A controversial rule regarding blood donation eligibility since the 1980’s has been the rule making MSM (men who have sex with men) illegible to donate. Before these measures were implemented many patients received blood contaminated by AIDS, which led to these patients contracting the STD without knowledge or control. One source states that in 2016, “51.8% of people with HIV in Canada are gbMSM (gay and bisexual MSM)” (CATIE). A more recent article stated that “in 2017, the gbMSM exposure category continued to account for the greatest proportion of reported HIV cases among adult males” (Government of Canada).
Originally starting in the late 1970’s, MSM were not allowed to donate blood under ANY conditions. While our world becomes more modern and accepting, so does this policy. Health Canada has re-evaluated this policy and now has allowed MSM to donate under certain conditions and are constantly shortening the deferral period. What this deferral period means is that MSM must remain abstinent for a specific amount of time leading up to making their blood donation. As science has improved, so has the deferral period, going from five years (2013) to one year (2016) to three months in 2019 (Canadian Blood Services).
As a consequence of introducing this deferral period, Health Canada faced backlash over whether or not the specific criteria is discriminatory as this deferral period applied solely to MSM. To conclude the debate over discrimination, the Ontario Superior Court ruled in 2010 that the deferral criteria for MSM is not considered discriminatory since it is based on health and safety precautions and scientific data (Canadian Blood Services).
Health Canada and the Canadian Blood Services have hoped that their research grant program could lead to even more change as they collect more data to suggest that MSM could eventually have an even shorter deferral period. Their chief scientist explained their current goal is to “get away from a time based deferral” and create a “behavioural based method of determining eligibility” (Dana Devine) rather than the vague questionnaire they currently use. With the data they have collected so far, they are confident that men in monogamous relationships could donate safely and therefore that specific population is their top priority. They aspire to “identify the safe subset of sexually active gay men” in order to move forward without “introducing any risk” (Dana Devine). This data is ever so important because the Canadian Blood Services does not have authority to change policies without the changes first being accepted by Health Canada. Health Canada must also consider the perspective and concerns of the donation recipients. Dr. Dana Devine explained that patients are always hesitant when any policy is adapted which means there must be very strong evidence to prove that the adaptation is safe and worthwhile.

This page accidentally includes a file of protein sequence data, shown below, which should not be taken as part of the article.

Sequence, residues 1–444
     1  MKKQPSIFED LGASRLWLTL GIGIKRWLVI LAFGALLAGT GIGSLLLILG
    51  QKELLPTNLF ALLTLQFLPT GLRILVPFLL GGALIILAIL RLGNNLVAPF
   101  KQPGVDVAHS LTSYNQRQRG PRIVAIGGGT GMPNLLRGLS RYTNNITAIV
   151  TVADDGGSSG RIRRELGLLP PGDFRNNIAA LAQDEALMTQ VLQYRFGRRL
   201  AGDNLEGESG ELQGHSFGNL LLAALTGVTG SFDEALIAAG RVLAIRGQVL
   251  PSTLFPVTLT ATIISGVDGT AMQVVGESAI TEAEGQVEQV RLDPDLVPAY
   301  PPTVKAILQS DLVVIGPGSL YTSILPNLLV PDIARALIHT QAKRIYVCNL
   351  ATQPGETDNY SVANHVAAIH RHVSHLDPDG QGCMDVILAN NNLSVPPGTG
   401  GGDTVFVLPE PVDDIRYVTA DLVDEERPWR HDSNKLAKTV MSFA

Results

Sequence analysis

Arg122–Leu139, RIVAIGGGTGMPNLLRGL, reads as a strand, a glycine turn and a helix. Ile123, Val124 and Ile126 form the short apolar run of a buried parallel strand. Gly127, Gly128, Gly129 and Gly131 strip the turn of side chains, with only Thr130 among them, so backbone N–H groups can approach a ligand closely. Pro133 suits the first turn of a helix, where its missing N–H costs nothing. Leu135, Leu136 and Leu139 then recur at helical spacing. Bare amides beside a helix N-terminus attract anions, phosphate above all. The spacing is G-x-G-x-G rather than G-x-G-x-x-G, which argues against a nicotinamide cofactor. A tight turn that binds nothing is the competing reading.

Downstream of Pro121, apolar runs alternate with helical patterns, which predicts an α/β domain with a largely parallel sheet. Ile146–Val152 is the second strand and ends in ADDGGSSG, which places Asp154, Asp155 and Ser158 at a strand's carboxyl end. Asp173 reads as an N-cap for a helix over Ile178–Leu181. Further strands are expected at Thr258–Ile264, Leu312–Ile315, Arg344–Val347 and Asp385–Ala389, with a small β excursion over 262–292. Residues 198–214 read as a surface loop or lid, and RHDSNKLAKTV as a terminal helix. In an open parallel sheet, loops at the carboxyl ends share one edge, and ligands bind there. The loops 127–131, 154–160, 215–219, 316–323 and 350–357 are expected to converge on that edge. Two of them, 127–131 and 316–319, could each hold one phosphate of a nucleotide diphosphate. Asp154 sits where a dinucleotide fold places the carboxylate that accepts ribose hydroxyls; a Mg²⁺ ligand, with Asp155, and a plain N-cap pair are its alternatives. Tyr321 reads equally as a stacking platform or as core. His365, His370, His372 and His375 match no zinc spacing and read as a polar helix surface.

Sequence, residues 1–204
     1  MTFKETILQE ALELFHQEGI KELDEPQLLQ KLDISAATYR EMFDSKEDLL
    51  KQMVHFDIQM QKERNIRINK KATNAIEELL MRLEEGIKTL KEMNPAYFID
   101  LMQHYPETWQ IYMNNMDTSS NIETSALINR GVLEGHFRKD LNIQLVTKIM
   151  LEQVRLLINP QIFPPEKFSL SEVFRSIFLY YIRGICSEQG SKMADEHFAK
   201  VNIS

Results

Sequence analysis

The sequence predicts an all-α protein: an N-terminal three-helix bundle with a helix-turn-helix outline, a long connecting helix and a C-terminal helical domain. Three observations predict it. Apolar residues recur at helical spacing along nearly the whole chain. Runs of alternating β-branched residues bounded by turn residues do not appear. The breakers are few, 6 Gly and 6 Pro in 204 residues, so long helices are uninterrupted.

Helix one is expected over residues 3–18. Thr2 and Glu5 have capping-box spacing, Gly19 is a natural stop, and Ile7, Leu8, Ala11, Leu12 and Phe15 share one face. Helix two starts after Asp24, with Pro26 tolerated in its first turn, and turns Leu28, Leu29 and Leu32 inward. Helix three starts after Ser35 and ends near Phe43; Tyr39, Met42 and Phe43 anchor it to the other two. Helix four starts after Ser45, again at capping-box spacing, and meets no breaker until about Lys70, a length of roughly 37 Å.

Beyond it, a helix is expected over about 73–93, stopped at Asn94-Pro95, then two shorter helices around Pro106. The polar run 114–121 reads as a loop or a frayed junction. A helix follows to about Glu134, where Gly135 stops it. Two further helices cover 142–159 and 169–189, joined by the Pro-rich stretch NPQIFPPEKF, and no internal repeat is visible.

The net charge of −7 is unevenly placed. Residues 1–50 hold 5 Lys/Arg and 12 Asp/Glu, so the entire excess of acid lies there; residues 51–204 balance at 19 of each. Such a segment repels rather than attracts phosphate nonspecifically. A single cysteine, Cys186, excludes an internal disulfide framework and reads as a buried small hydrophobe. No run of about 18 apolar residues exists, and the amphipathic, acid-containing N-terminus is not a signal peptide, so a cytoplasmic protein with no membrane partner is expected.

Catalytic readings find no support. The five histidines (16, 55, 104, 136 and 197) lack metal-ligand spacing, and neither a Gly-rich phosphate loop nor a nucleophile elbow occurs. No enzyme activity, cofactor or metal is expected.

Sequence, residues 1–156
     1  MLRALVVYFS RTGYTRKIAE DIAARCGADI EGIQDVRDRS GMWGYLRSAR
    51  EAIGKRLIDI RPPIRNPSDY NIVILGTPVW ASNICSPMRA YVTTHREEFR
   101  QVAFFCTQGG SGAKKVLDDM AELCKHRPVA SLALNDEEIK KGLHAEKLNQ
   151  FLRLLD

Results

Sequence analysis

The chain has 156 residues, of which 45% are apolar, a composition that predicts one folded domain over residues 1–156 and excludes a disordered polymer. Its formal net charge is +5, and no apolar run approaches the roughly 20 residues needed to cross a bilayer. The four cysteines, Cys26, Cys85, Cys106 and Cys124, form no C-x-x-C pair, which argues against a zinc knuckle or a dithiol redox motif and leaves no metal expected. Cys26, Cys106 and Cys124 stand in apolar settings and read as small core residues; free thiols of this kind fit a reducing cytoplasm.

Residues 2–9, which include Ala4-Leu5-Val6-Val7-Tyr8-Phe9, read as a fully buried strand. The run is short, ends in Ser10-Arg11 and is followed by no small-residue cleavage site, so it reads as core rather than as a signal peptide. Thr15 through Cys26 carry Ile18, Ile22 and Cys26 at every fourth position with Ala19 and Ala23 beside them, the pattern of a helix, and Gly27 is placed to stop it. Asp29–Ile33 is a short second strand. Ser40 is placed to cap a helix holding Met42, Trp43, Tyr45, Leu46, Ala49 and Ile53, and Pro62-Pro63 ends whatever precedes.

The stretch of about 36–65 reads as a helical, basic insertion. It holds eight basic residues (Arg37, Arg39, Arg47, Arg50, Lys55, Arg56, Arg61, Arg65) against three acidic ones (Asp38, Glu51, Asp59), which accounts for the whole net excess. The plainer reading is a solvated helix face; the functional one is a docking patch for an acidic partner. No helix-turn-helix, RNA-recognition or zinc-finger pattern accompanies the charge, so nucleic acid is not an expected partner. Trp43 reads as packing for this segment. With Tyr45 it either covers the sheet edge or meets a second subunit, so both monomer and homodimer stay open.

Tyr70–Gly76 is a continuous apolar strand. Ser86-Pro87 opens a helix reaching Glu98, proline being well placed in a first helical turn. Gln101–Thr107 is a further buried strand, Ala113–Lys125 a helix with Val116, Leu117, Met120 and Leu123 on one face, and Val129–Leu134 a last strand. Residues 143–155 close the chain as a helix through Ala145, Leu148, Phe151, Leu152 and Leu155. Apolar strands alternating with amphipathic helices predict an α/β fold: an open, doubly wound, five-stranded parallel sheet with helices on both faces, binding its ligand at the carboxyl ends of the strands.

How to Donate
While the grad council of KSS acknowledges this controversy and strongly believe in the importance of inclusivity, they have decided to continue the annual blood drive since it is a tradition that helps save lives. The chairs of the Blood Drive Committee have determined that it is important for the school to be educated on the science behind the MSM deferral period and conditions in order to ensure we as a school are not overlooking this topic and are upholding our reputation of being inclusive and supportive of everyone in our community. The committee chairs “hope KSS will come together to help our community and save lives” (Ainsley Macdonald, Calta Rigby, Avery Chalmers) by promoting blood donations and making donating more accessible to students. However, an important thing to note is in order to donate you must be 17 years of age or older.
Since most students already have Instagram, the committee chairs for the blood drive have decided to use that platform as their safe and efficient method to sign up, all you have to do is send a direct message to @kssblooddrive2021 and they will set up an appointment for you on one of the chosen donations days of November 24th, 25th and 26th. There will also be two additional blood drives later in the year, these dates are yet to be determined. You can also send an email to [email protected] to book an appointment or to answer any questions you may have.